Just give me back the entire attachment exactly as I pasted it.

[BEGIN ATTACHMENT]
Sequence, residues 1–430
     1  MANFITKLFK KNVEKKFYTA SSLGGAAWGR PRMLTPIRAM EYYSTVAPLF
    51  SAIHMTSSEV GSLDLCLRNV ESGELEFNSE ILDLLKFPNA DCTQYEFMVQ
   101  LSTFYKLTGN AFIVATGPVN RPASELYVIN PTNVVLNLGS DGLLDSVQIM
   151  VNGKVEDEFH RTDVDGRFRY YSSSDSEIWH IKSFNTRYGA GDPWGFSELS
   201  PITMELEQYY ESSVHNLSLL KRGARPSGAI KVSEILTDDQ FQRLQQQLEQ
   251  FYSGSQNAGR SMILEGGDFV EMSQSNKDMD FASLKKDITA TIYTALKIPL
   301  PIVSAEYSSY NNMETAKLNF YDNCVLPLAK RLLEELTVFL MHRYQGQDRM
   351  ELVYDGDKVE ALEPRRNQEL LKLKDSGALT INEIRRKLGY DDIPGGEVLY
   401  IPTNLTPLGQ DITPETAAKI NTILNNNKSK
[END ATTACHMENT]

Sequence, residues 1–430
     1  MANFITKLFK KNVEKKFYTA SSLGGAAWGR PRMLTPIRAM EYYSTVAPLF
    51  SAIHMTSSEV GSLDLCLRNV ESGELEFNSE ILDLLKFPNA DCTQYEFMVQ
   101  LSTFYKLTGN AFIVATGPVN RPASELYVIN PTNVVLNLGS DGLLDSVQIM
   151  VNGKVEDEFH RTDVDGRFRY YSSSDSEIWH IKSFNTRYGA GDPWGFSELS
   201  PITMELEQYY ESSVHNLSLL KRGARPSGAI KVSEILTDDQ FQRLQQQLEQ
   251  FYSGSQNAGR SMILEGGDFV EMSQSNKDMD FASLKKDITA TIYTALKIPL
   301  PIVSAEYSSY NNMETAKLNF YDNCVLPLAK RLLEELTVFL MHRYQGQDRM
   351  ELVYDGDKVE ALEPRRNQEL LKLKDSGALT INEIRRKLGY DDIPGGEVLY
   401  IPTNLTPLGQ DITPETAAKI NTILNNNKSK